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Boudh District

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About the Boudh district

Click on the following link to download district statistics as per NITI Ayog website
http://niti.gov.in/file/720/download?token=UaRriNMm

Brief About Boudh District

HISTORY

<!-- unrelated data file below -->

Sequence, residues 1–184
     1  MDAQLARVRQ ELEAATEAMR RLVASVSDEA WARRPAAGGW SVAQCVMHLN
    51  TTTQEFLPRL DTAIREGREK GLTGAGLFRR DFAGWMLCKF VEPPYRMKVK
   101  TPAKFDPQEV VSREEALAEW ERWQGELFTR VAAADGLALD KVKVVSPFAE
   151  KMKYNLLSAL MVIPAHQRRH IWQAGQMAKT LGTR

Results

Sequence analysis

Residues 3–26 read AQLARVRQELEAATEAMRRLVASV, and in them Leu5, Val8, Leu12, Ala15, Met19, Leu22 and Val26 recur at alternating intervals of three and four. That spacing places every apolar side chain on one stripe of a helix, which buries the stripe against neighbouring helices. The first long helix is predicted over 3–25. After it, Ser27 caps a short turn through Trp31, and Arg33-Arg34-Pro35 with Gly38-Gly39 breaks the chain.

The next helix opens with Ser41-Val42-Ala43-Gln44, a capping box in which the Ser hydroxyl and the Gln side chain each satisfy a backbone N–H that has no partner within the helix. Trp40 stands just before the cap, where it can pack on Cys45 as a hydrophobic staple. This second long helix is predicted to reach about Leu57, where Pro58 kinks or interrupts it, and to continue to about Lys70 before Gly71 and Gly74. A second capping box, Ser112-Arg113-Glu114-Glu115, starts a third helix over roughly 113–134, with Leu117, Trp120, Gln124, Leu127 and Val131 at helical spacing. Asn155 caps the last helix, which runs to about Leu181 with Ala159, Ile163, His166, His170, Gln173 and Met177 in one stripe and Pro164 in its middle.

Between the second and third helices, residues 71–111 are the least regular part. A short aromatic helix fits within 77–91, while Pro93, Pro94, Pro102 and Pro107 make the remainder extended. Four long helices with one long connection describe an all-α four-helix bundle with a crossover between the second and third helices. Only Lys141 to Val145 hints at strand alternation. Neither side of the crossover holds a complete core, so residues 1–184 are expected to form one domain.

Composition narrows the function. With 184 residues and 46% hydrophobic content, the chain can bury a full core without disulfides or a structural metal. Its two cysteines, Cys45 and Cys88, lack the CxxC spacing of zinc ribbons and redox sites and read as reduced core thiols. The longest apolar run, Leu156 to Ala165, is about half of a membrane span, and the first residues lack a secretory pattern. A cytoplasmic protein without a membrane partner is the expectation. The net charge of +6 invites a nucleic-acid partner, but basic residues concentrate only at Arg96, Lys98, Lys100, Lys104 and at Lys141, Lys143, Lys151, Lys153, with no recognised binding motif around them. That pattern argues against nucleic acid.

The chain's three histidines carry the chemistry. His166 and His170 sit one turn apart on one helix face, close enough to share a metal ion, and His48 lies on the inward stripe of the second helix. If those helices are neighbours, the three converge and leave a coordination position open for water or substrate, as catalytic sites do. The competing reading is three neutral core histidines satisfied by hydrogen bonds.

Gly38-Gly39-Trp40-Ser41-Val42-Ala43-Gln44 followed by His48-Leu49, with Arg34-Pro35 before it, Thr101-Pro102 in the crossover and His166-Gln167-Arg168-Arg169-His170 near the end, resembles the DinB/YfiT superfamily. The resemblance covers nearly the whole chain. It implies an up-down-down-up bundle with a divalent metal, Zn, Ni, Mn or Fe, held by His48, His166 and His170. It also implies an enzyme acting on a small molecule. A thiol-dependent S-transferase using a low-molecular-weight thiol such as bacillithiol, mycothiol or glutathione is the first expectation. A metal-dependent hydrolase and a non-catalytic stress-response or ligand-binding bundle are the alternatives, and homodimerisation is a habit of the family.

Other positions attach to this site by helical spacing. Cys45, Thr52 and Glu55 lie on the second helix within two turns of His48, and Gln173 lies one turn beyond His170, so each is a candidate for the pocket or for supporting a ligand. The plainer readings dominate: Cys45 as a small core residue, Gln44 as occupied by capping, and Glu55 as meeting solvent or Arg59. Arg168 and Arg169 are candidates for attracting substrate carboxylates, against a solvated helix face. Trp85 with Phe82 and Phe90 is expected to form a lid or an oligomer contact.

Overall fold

The early history of Boudh is still in obscurity. However, the discovery of remarkable Buddhist statues from Boudh led some scholars to believe that Boudh was an important Buddhist centre of Orissa. From the epigraphic records it is known that in the middle of Eighth Century A.D., Boudh region was under the occupation of the Bhanja rulers and was a part of Khinjali Mandala.  The earliest known ruler of this Bhanja family was Nettabhanja who was ruling over the Dhenkanal region as independent ruler, but his successor migrated towards Boudh-Sonepur region and established Khinjali Mandala and ruled there as the feudatory of the Bhauma Karas of Tosali. The Sonepur Copper Plate of Satrubhanja Dev, son of Silabhanja mentions the name Khinjali Mandala for the first time and on this basis it is believed that Silabhanja Dev was the founder of Bhanja Kula of Khinjali Mandala.  Their capital was Dhirtipura, which has been identified with Boudh town.  Satrubhanja Dev – II, a ruler of this family was defeated and killed by the Somavansi ruler of South Kosala, Janmeyjaya – I. The Bhanja’s were driven out from the Boudh region which was renamed as Odra Desa. Yayati – I, the son and successor of Janmejaya – I established his capital in Odradesa at Yayatinagara, which has been identified with modern Jagati in Boudh District. The Somavansi then occupied and migrated towards Utkala leaving their original home land South-Kosala in charge of viceroys. In course of time Kosala was lost to them and was occupied by the Telugu-Chodas and the Kalachuris. The imperial Gangas of Kalinga, after their occupation of Utkala, entered into a protracted struggle with the Kalachuris for one hundred years for the occupation of Kosala region. It is evident from the Chatesvar Inscription ( 1220 AD) that the struggle finally ended in favour of the Gangas during the region of Anangabhima Deva – III and there after Boudh along with Sonepur came under the Ganga Rule and was administered by the Ganga Administrators. In course of time, the Ganga Administrators became semi-independent and ruled over this territory hereditarily. So far tradition goes, there emerged a Brahmin ruling family in Boudh . Gandhamardan Dev, the last Brahmin ruler of this family, being childless adopted one Ananga Bhanja of Keonjhar Bhanja royal family. He succeeded Gandharmardhan Dev and laid the foundation of the rule of the Bhanjas in Boudh in the first half of fourteenth century AD. He changed his surname from Bhanja to Dev and was known as Ananga Dev. Since then, the new line of kings continued to rule over this region till the merger of Boudh State with the Orissa province in 1948. Their kingdom comprised of modern Athmallik, Boudh and Sonepur regions with its capital headquarters at Swarnapura ( Sonepur). But later on due to the expansionist policy followed by the Chouhan rulers of Patna